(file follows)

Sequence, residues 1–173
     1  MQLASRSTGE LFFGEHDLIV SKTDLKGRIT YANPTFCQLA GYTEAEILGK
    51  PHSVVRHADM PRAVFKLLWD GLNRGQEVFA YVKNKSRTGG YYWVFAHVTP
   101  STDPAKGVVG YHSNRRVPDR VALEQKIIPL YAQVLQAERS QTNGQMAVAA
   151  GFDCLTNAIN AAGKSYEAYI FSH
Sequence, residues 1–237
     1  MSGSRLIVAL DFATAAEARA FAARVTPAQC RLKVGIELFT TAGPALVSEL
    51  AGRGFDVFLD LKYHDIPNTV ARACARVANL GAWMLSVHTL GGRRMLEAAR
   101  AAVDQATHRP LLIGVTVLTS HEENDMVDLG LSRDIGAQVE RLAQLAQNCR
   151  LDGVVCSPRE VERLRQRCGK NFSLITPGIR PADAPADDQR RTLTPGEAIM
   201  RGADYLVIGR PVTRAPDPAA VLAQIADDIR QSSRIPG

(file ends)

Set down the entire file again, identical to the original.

Sequence, residues 1–173
     1  MQLASRSTGE LFFGEHDLIV SKTDLKGRIT YANPTFCQLA GYTEAEILGK
    51  PHSVVRHADM PRAVFKLLWD GLNRGQEVFA YVKNKSRTGG YYWVFAHVTP
   101  STDPAKGVVG YHSNRRVPDR VALEQKIIPL YAQVLQAERS QTNGQMAVAA
   151  GFDCLTNAIN AAGKSYEAYI FSH
Sequence, residues 1–237
     1  MSGSRLIVAL DFATAAEARA FAARVTPAQC RLKVGIELFT TAGPALVSEL
    51  AGRGFDVFLD LKYHDIPNTV ARACARVANL GAWMLSVHTL GGRRMLEAAR
   101  AAVDQATHRP LLIGVTVLTS HEENDMVDLG LSRDIGAQVE RLAQLAQNCR
   151  LDGVVCSPRE VERLRQRCGK NFSLITPGIR PADAPADDQR RTLTPGEAIM
   201  RGADYLVIGR PVTRAPDPAA VLAQIADDIR QSSRIPG